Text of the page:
Actress Suzanne Somers had breast cancer for more than two decades before her death on Sunday, October 15, just one day before her 77th birthday. She also had skin cancer and a precancerous condition in her uterus, according to Today.

“Her family was gathered to celebrate her 77th birthday on October 16th. Instead, they will celebrate her extraordinary life and want to thank her millions of fans and followers who loved her dearly,” Somers’s longtime publicist, Couri Hay, said in a statement to NBC News on behalf of Somers’s family.

The Three’s Company actress and ThighMaster creator first went public with her breast cancer diagnosis in 2000. She had a lumpectomy and radiation but declined chemotherapy. In fact, in 2009, she published Knockout, a book that questioned chemo’s appropriateness as treatment for many common cancers, including breast and lung cancers, reported NBC News at the time.

Her viewpoints, which received considerable publicity, raised the concerns of the American Cancer Society.

Misinformation regarding cancer isn’t new, but it has spread more broadly in recent years, according to a review published in Oncology Practice last year.

Earlier this year, Somers announced via Instagram that her breast cancer had returned but that she was again cancer-free.

Somers dealt with numerous health issues throughout her life. In a 2020 interview with CBS News Los Angeles, Somers revealed that she “had cancer three times” while playing Chrissy on Three’s Company in the 1970s. “They call it severe hyperplasia in your uterus. I didn’t make a big deal about it,” Somers told CBS News.

In the same interview, she shared that she had had malignant melanoma, a skin cancer, in her back while in her 30s.

A private family burial will take place this week, and a memorial will be held next month, according to a statement from her family.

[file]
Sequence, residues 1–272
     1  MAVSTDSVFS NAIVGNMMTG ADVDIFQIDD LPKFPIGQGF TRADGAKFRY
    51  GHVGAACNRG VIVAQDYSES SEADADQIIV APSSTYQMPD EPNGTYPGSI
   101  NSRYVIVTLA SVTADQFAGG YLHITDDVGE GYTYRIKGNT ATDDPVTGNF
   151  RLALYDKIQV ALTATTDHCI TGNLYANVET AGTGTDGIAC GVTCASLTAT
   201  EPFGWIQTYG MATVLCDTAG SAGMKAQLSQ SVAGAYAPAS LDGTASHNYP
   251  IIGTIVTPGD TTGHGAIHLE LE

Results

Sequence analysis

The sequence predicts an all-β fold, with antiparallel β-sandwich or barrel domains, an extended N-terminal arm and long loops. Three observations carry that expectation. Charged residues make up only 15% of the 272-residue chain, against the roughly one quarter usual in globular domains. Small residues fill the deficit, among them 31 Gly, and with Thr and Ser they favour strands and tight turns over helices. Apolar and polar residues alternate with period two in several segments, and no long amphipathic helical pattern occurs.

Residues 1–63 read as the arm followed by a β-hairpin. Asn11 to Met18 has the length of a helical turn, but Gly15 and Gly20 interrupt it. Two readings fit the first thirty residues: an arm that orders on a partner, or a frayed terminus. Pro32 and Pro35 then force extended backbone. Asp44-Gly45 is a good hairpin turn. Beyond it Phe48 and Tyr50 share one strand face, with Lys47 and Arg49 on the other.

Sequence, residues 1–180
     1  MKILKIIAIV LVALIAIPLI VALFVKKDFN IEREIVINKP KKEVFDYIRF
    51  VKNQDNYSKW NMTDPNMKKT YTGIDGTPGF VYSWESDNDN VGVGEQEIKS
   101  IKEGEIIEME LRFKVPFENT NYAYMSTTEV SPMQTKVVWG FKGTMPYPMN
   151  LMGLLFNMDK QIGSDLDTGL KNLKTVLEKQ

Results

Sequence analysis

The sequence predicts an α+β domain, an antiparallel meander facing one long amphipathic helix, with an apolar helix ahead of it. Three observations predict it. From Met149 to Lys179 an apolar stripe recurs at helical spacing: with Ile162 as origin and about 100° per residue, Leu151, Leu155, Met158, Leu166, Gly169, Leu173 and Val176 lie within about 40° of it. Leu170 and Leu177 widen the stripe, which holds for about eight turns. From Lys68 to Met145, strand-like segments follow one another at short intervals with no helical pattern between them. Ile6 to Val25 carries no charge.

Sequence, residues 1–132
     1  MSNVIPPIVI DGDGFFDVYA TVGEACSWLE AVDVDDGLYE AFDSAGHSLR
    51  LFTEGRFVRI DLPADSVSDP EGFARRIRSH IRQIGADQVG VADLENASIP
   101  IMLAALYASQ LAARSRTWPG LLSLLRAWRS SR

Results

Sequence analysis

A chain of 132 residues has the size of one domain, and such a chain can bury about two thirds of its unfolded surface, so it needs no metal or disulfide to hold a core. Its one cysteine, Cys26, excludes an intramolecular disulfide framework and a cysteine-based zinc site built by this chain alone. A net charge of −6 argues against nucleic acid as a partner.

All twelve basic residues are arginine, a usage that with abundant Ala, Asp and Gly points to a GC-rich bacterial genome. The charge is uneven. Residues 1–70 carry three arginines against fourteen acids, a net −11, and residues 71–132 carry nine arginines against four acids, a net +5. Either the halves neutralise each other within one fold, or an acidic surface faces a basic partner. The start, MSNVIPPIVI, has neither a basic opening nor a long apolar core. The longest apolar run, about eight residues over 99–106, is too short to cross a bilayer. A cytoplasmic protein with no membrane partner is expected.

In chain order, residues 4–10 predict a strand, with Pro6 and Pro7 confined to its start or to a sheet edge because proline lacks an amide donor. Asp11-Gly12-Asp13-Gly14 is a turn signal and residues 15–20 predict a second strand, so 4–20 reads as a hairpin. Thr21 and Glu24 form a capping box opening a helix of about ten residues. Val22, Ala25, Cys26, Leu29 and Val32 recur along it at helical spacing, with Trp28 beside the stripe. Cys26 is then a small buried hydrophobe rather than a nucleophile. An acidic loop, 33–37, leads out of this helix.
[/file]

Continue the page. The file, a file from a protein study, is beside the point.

In a final birthday card for her grandmother, Violet Somers shared kind words about her “Zannie.”

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Somers’s husband of 46 years, Alan Hamel, also shared a post honoring his late wife.

To read a collection of articles on this topic, click #Breast Cancer, and for more information, check out Cancer Health’s Basics on Breast Cancer. It reads in part:

What is breast cancer?

Cancer develops in breast tissue when cells grow out of control. Malignant cells can form a tumor that may be visible on mammograms or felt as a lump.


Breast cancer is easier to treat than many other cancers, and early detection and treatment improves outcomes. But if cancer is diagnosed after it has spread elsewhere is the body, it is harder to treat and the likelihood of survival is lower.


Who gets breast cancer?

Breast cancer is the second most common cancer among women, after skin cancer. Nearly 300,000 women are diagnosed with invasive cancer annually, according to the American Cancer Society. Men can also develop breast cancer, but this is rare. People with BRCA mutations are at high risk for breast cancer.


Around a quarter of women with early breast cancer will go on to develop metastatic disease. About 15% of breast cancer patients have hard-to-treat triple-negative breast cancer, or TNBC, which is more common among young women and Black women.


How is breast cancer treated?

Treatment for breast cancer depends on how advanced the cancer is when it is detected, including how many tumors there are, how large they are and whether they have spread to nearby lymph nodes or other parts of the body.


Treatment can be broken down into local and systemic therapies. Local therapies, such as surgery and radiation, treat cancer in the breast. Systemic treatments, which can reach cancer cells that have spread elsewhere in the body, typically cause more side effects.